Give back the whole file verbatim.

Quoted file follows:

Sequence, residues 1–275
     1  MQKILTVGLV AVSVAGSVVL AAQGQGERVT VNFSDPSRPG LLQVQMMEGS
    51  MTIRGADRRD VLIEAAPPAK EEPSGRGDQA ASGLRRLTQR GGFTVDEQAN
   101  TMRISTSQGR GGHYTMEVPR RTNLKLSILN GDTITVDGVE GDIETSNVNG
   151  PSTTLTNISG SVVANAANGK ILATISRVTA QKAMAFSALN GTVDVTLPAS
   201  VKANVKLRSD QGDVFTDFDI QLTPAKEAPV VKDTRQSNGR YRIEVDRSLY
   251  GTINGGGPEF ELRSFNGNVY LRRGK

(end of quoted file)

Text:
Sequence, residues 1–275
     1  MQKILTVGLV AVSVAGSVVL AAQGQGERVT VNFSDPSRPG LLQVQMMEGS
    51  MTIRGADRRD VLIEAAPPAK EEPSGRGDQA ASGLRRLTQR GGFTVDEQAN
   101  TMRISTSQGR GGHYTMEVPR RTNLKLSILN GDTITVDGVE GDIETSNVNG
   151  PSTTLTNISG SVVANAANGK ILATISRVTA QKAMAFSALN GTVDVTLPAS
   201  VKANVKLRSD QGDVFTDFDI QLTPAKEAPV VKDTRQSNGR YRIEVDRSLY
   251  GTINGGGPEF ELRSFNGNVY LRRGK